Recipes of All Nations by 'Countess Morphy': Cookbook review

Review
 
Recipes of All Nations by 'Countess Morphy'
Cookbook

Reviewed By

Sue Dyson and Roger McShane
Country: United Kingdom

Recipes of All Nations by 'Countess Morphy' is a fascinating tour of recipes from all around the world that was very popular in the United Kingdom in the 1930s. It has some flaws and the author probably wasn't a countess, but it is still an interesting read and there are some excellent recipes.
The author was probably (not definitely) born in New Orleans as Marcelle Azra Hincks. Following a suggestion by a UK researcher called Lloyd Beldon Lacy, we were able to establish from the New Orleans birth register that such a person was indeed born to Edgar Hincks and Louise Pemberton on the 25th October 1883.
It is likely that Marcelle moved to England as there are many records of an author by this name publishing food and dance books (The Japanese Dance) in the early part of the twentieth century. We also located records of an author under the same name publishing a column on dance in the New Age in 1910.
It is somewhat likely that the Morphy name is derived from a cousin of her father Edgar Hincks (their relationship is quoted in a book by Regina Morphy entitled Life of Paul Morphy). His cousin was the famous Paul Morphy who dominated the world of chess in the middle part of the 19th Century. He was a child prodigy and even today chess masters still study his games and laud his aggressive moves. After defeating various European champions he returned to New Orleans and retired from chess playing. (We have included a link to a recent book about Morphy's prodigious chess career.)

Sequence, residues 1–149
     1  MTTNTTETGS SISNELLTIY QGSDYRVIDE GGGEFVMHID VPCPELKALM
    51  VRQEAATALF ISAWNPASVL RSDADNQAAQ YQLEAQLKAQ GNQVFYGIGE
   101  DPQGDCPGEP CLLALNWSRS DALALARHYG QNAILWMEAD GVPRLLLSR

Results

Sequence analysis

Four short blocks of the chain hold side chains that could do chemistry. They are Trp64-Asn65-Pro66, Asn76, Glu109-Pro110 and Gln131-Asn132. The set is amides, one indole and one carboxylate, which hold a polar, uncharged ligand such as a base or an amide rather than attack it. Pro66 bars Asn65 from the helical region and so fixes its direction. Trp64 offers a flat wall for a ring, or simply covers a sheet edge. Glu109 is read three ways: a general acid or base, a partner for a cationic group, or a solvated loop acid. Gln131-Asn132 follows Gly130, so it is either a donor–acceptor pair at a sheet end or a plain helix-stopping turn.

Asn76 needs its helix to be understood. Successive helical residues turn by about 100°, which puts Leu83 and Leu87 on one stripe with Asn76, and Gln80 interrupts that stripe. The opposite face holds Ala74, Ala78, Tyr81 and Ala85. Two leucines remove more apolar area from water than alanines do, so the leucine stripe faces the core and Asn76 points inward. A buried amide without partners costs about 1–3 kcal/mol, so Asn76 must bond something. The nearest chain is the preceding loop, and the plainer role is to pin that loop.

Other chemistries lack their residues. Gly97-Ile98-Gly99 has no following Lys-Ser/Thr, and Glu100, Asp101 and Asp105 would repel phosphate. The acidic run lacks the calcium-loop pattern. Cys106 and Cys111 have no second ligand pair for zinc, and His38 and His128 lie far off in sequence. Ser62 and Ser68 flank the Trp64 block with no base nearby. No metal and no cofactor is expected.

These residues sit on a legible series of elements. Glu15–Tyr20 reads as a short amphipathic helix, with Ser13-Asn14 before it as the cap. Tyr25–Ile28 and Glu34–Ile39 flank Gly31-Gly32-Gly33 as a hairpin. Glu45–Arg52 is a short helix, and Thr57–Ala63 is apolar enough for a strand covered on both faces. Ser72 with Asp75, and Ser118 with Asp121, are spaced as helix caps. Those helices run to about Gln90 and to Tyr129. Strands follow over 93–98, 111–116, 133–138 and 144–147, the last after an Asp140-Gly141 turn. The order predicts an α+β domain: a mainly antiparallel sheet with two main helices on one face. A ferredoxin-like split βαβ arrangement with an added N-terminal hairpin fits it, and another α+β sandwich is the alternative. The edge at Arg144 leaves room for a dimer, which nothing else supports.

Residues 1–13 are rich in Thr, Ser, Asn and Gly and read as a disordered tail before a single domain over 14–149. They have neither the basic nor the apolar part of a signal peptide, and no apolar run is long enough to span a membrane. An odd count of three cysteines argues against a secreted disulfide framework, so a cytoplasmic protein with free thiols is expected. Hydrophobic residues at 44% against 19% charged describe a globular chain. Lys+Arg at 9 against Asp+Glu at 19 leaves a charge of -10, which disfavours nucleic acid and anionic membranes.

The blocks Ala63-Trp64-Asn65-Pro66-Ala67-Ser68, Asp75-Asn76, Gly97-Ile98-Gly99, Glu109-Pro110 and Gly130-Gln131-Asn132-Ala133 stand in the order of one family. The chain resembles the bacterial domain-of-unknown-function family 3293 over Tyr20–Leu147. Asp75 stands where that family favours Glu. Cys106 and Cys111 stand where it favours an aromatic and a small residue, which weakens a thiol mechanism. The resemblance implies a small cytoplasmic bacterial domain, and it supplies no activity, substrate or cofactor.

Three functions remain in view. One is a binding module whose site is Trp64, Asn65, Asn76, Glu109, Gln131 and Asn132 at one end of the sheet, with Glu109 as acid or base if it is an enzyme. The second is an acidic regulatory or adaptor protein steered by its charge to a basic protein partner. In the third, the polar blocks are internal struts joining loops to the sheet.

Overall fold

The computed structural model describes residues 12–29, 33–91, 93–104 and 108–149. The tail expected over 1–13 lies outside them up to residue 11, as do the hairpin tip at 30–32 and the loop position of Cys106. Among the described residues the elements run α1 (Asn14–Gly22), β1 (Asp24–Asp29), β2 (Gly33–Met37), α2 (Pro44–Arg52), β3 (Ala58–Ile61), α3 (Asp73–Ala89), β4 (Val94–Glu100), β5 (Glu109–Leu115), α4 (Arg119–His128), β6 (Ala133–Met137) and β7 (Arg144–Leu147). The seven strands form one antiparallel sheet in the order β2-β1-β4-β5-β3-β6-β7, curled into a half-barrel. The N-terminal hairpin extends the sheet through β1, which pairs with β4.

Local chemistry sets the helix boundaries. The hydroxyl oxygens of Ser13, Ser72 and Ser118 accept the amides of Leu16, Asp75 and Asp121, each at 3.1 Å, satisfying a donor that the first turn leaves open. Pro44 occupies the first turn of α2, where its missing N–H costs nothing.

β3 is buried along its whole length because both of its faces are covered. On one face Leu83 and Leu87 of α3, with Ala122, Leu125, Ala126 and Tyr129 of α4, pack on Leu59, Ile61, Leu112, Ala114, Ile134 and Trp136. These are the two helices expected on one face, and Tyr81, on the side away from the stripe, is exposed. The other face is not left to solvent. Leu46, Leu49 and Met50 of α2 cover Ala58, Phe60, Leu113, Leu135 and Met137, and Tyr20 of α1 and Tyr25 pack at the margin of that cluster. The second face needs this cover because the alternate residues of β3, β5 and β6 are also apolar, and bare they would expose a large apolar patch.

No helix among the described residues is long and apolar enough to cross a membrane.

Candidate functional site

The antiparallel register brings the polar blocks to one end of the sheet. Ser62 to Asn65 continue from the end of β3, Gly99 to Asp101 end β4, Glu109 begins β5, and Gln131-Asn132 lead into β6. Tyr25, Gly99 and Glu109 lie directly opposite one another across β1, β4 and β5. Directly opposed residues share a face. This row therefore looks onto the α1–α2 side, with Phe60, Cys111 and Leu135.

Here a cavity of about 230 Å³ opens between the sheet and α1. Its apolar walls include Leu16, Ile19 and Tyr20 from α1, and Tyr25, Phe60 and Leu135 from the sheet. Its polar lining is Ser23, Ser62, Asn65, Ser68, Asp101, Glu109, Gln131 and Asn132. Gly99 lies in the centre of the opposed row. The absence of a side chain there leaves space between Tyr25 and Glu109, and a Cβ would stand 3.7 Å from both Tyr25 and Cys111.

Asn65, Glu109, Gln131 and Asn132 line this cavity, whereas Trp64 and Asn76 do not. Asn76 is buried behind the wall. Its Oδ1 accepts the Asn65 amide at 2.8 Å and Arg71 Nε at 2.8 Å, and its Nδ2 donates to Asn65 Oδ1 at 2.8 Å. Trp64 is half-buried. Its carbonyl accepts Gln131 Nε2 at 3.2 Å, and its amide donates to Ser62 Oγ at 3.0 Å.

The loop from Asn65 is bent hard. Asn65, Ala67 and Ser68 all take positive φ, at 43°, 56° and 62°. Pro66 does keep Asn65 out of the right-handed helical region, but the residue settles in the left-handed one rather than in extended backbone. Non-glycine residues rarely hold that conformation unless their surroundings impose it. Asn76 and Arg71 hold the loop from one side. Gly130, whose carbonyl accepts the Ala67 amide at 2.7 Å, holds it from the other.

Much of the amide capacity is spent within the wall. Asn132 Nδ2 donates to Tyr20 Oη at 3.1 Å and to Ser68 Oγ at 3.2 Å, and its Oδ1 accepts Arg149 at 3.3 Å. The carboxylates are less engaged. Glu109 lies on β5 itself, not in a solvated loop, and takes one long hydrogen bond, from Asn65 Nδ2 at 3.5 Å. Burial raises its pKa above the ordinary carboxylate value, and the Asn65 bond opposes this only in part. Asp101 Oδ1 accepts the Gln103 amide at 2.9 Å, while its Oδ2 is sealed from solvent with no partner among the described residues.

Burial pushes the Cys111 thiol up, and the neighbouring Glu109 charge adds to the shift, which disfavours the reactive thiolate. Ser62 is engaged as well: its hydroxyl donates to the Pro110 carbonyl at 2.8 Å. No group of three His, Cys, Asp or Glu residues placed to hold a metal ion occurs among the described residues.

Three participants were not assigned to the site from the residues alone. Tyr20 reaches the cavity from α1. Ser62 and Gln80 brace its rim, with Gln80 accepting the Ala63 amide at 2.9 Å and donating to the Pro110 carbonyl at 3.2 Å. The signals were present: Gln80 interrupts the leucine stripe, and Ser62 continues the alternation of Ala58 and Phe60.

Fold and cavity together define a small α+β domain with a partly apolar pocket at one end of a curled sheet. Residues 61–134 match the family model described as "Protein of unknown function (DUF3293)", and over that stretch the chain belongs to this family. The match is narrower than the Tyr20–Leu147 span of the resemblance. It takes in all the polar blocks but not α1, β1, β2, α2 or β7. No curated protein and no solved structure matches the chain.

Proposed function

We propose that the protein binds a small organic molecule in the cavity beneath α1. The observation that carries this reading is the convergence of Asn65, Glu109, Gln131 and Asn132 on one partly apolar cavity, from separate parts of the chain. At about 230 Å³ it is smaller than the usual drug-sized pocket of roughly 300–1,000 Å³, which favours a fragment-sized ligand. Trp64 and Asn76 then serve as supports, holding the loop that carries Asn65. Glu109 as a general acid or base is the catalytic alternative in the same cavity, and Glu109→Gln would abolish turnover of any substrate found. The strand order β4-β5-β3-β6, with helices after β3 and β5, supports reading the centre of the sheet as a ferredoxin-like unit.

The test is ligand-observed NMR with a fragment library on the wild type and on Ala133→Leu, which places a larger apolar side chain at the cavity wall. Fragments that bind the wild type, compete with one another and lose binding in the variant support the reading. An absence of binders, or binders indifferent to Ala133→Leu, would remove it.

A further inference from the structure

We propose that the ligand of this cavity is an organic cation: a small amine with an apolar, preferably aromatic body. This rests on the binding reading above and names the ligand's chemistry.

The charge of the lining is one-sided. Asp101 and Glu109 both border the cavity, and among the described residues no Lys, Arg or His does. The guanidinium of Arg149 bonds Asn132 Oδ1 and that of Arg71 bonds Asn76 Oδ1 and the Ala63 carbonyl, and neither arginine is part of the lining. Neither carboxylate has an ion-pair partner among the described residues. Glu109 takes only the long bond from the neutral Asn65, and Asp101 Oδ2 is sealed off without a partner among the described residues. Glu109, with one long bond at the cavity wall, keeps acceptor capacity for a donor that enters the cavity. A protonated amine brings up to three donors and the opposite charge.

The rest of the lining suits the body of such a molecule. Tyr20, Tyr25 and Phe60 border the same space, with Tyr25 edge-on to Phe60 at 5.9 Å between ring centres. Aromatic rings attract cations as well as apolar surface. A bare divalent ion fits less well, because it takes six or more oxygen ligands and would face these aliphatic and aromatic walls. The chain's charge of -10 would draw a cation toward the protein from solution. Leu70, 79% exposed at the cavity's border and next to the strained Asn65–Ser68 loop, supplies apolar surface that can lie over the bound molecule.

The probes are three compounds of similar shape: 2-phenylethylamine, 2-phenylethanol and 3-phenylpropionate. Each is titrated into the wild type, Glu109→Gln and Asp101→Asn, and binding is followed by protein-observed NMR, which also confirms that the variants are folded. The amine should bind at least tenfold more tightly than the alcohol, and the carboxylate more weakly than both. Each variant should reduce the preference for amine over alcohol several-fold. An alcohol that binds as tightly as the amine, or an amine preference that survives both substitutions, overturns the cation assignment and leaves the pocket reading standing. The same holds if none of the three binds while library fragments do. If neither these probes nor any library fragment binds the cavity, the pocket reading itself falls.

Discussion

In her book, prominence is naturally given to France, with that country being awarded the opening chapter. Soups start with ambitious recipes such as Pot-au-Feu and Bouillabaisse , the problem being that she substitutes English equivalents for the fish. A Bouillabaisse just never tastes the same if the base hasn't been prepared using the Mediterranean Rascasse.
However she is on safer ground when she provides a recipe for the veal and kidney fat meatball called Le Godiveau. Here she includes all the many steps necessary to prepare these lovely meatballs to provide the required consistency of texture. She pays homage to Napoleon with the inclusion of the recipe for Chicken Marengo and to Paris with a recipe for Pont Neuf potatoes.
And so, the first one hundred pages are devoted to all things French. From the mastery of the recipes shown on these pages it is quite likely that she had travelled in France or at least had spent a lot of time in circles that were devoted to all things French. Of course, this would also hark back to her upbringing in New Orleans which was, at the time, regarded as an outpost of Paris.
Next country in line is Italy where we know that she spent some time travelling. This is born out by her complaint that the Osso Buco served in London is nothing like the equivalent in Italy 'as suckling calf should be used and this is practically unobtainable in this country'.
And so the tour continues to Spain and Portugal and then through Austria to Hungary, Germany, Russia across to Norway and down to Belgium. The United Stated is then featured along with a special entry for New Orleans which supports the contention about her upbringing. Then we are on to India and China where the recipes are more stereotyped. South America, the Middle East, the Balkans and Africa are also given attention in the final pages.
It is surprising just how many of the recipes are still quite valuable. Because she wrote before the widespread use of chemicals and stock powders and cubes the recipes are sometimes quite modern.
This book is both an historical curiosity and a valuable addition to your recipe library.
 
     
   
     


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